The Reuters/Ipsos data may represent a more conservative estimate of Republicans’ approval of Trump’s performance. While the Economist/YouGov data show a similar dip in Trump approval in July and August 2017, Republicans’ approval dipped only slightly below 80 percent. More recently, approval of Trump among Republicans has approached 90 percent. Despite the blip last year, these data suggest that Republican support Trump’s presidency has been strong throughout his time in office.
Figure 1 – Trump approval among Republicans
No Republican exodus
While Trump continues to enjoy solid support among Republicans, one common refrain from analysts is that these levels of support persist because Americans who once identified as Republican are leaving the party in droves. The very public resignation by Steve Schmidt (who was a senior strategist in John McCain’s 2008 presidential campaign) last week is taken as evidence of such an exodus. Trump’s actions are so heinous, these analysts claim, that lifelong Republicans are quitting the party, leaving only those few agreeing with Trump in the columns of Republican supporters reported in recent polls.
Two pieces of evidence refute this argument, however. One is the evidence suggesting that the share of Americans identifying as Republican has not changed substantially over time. This can be seen in Figure 2, which presents the percentages identifying/leaning Republican in the Reuters/Ipsos polls conducted since November 2016. While the share of Republican identifiers fluctuates from poll to poll, the general trend in recent months is of relative stability (even if the longer-term trends are less clear): Republicans make up about the same share of the public as they did on the eve of the 2016 election.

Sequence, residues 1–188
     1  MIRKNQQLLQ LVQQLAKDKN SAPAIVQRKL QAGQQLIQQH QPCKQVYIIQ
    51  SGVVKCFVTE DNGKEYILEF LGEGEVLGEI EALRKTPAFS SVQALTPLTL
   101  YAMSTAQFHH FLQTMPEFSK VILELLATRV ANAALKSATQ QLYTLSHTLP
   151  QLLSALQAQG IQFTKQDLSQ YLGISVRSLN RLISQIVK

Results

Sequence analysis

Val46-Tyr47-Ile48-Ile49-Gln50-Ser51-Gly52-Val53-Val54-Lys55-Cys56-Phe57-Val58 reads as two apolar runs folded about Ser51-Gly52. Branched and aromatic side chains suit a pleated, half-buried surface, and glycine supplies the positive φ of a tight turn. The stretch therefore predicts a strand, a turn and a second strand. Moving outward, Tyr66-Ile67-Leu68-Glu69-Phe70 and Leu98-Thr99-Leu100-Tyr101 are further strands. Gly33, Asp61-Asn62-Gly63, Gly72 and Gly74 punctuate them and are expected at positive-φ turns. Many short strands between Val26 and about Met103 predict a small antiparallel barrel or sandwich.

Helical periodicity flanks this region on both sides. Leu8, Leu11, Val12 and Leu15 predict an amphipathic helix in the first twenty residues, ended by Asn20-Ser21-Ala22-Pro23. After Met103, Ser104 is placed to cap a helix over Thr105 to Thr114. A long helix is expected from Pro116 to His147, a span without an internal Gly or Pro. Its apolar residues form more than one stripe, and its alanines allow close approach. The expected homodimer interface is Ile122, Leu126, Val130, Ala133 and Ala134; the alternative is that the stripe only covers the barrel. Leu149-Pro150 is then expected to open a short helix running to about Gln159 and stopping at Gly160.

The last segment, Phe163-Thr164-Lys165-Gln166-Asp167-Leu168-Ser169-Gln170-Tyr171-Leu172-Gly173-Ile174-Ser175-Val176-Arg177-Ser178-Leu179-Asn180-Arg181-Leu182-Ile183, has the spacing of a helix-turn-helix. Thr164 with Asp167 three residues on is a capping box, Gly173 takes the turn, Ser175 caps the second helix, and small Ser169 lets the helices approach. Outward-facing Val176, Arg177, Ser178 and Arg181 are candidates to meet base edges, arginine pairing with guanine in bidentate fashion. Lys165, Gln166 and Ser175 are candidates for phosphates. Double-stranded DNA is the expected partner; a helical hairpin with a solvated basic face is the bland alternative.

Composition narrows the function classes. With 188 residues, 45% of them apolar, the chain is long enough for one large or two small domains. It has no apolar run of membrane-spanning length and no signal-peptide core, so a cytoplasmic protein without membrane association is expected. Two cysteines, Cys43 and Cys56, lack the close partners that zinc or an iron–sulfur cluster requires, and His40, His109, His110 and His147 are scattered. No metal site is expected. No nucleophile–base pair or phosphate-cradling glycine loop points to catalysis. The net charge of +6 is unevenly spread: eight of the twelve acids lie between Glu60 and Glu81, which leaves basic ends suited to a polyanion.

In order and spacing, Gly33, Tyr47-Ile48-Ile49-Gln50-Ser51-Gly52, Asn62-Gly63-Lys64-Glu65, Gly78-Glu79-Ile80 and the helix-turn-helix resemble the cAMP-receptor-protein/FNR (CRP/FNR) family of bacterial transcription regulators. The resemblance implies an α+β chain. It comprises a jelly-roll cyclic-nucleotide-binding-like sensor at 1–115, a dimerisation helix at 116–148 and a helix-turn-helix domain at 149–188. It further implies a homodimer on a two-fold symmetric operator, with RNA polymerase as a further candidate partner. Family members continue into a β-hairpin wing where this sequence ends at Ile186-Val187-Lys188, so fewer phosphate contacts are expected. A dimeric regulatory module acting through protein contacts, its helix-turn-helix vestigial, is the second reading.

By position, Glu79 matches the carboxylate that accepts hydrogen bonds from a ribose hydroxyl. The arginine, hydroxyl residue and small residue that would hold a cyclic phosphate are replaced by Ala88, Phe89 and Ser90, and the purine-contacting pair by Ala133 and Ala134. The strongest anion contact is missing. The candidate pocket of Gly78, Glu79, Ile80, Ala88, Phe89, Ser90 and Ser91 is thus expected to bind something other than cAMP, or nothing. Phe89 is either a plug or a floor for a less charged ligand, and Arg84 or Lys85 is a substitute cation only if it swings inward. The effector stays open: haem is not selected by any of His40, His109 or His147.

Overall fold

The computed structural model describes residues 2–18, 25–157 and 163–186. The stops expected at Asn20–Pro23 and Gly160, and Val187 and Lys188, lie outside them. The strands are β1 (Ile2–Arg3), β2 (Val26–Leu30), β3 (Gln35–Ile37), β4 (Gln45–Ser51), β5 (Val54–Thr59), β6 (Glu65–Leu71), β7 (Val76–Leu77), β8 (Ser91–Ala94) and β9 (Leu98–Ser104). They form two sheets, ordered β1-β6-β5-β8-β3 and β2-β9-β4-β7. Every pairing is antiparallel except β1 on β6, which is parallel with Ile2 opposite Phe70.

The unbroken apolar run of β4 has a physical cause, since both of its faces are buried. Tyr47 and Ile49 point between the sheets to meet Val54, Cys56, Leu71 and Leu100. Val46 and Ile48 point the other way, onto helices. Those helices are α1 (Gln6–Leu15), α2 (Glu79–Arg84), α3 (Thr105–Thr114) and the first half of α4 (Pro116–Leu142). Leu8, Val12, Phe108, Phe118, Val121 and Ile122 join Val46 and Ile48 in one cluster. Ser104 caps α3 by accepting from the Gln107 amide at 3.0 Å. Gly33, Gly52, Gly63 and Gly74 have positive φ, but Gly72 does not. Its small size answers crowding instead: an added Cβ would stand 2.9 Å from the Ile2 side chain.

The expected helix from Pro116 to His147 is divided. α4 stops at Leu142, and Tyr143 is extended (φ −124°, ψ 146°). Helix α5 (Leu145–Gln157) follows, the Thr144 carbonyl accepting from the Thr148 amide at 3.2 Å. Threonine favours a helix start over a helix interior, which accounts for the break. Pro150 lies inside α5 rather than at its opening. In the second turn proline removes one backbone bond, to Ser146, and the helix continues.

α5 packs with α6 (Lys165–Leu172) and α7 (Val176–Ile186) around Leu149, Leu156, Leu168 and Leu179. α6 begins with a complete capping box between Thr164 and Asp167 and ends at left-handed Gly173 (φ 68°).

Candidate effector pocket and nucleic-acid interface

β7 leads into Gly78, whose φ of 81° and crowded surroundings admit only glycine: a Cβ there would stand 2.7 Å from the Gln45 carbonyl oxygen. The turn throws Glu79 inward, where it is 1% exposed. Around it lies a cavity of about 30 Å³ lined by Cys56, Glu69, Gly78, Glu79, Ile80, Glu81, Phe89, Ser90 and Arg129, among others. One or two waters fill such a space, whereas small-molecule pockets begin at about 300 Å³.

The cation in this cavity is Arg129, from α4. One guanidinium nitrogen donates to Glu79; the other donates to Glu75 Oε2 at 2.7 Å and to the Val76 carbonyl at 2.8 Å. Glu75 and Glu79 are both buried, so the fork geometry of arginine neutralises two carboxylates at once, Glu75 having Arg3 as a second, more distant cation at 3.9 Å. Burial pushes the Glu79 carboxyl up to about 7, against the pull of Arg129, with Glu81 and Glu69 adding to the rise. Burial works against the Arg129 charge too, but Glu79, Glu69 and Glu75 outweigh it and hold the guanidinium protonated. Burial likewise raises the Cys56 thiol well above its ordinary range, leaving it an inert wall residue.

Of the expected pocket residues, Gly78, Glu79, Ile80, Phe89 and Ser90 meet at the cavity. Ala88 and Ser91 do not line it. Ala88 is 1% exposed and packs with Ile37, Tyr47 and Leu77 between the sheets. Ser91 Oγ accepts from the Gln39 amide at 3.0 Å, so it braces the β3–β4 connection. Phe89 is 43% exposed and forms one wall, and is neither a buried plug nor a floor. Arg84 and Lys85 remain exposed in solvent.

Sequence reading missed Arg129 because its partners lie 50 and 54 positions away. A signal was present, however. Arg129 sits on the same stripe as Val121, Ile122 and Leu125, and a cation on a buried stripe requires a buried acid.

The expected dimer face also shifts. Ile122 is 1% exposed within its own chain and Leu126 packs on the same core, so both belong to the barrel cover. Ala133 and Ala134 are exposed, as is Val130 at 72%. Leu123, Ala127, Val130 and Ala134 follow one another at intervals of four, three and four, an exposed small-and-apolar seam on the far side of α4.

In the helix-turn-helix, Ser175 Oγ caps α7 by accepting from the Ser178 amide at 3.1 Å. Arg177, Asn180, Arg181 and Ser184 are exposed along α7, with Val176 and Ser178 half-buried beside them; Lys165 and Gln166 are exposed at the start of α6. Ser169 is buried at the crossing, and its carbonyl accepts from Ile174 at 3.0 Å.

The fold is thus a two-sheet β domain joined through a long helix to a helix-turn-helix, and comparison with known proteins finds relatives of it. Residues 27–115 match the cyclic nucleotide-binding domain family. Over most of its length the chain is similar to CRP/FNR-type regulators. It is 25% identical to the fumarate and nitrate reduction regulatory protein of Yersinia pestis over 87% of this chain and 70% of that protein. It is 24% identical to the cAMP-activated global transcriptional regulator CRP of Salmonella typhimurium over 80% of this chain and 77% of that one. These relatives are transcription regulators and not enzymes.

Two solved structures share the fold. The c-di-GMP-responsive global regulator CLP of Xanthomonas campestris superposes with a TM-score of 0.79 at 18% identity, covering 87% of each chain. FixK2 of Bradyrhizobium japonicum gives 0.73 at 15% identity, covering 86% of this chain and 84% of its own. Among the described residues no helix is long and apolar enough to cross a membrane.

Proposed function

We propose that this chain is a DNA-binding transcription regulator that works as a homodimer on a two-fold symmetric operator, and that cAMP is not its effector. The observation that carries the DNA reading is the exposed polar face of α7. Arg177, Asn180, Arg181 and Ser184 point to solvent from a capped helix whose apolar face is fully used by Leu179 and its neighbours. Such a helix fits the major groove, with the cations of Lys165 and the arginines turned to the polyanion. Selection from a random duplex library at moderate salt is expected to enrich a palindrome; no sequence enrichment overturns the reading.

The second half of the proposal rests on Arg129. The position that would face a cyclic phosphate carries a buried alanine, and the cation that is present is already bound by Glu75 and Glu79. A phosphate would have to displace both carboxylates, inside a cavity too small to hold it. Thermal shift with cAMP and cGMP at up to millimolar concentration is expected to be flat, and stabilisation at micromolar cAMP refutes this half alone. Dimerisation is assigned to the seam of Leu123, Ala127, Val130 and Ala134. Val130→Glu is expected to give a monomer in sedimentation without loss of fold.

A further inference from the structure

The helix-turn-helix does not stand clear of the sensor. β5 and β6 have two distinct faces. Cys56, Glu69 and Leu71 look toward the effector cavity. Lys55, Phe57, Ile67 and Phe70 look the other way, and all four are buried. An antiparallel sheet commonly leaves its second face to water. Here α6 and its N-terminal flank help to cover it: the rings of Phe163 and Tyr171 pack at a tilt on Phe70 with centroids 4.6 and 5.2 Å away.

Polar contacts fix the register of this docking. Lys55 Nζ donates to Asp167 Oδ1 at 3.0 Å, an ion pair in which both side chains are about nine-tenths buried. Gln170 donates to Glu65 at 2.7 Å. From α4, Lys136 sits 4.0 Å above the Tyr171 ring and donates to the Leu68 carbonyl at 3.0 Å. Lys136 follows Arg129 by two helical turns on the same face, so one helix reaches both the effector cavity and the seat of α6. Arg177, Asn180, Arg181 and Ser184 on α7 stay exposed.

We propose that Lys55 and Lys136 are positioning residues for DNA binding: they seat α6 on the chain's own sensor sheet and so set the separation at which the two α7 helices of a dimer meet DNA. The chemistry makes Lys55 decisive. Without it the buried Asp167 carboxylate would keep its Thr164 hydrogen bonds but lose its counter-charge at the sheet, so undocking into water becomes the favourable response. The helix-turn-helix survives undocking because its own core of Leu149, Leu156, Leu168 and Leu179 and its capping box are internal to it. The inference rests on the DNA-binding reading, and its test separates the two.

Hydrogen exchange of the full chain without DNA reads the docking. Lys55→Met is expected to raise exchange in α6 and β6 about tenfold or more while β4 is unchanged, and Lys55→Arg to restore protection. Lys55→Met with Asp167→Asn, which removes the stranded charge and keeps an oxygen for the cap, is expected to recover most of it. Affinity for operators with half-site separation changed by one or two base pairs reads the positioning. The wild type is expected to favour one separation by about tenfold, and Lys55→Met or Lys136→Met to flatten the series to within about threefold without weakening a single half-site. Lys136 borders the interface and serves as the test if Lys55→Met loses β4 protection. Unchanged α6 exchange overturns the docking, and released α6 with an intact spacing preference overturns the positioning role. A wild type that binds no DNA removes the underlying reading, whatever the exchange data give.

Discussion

Figure 2 –GOP identification since November 2016
The second piece of evidence is that Trump’s approval among those who voted for him (using data from the Economist/YouGov) remains steady at around 90 percent (see Figure 3). This suggests further that the remarkable stability in Republican support for Trump is not due to fluctuations in the number of Republicans. While some respondents may mis-remember whether/how they voted in 2016, this measure may be less prone to (potential) major fluctuations than party identification. Thus, there does not appear to be any serious loss of Republican identifiers.
Figure 3 – Percent approval among Trump voters
Plus ça change…
A number of commentators have, after each major Trump-related controversy (dating back to the primary campaign), asked what it will take for Republican voters to disavow Trump. Apparently, we have not reached the limit, and the analysis above suggests we probably should not expect most Republicans to desert either Trump or their party any time soon. Because Republicans are unlikely to budge (and Democrats are just as unlikely to suddenly find Trump endearing), the real question for forecasting the future of this presidency is how Independents have responded to Trump’s actions, as their lack of partisan attachment means they are more likely to be persuaded—and their decisions will determine whether Trump is re-elected.
Originally published by the London School of Economics under a Creative Commons Attribution-NonCommercial 3.0 United States license.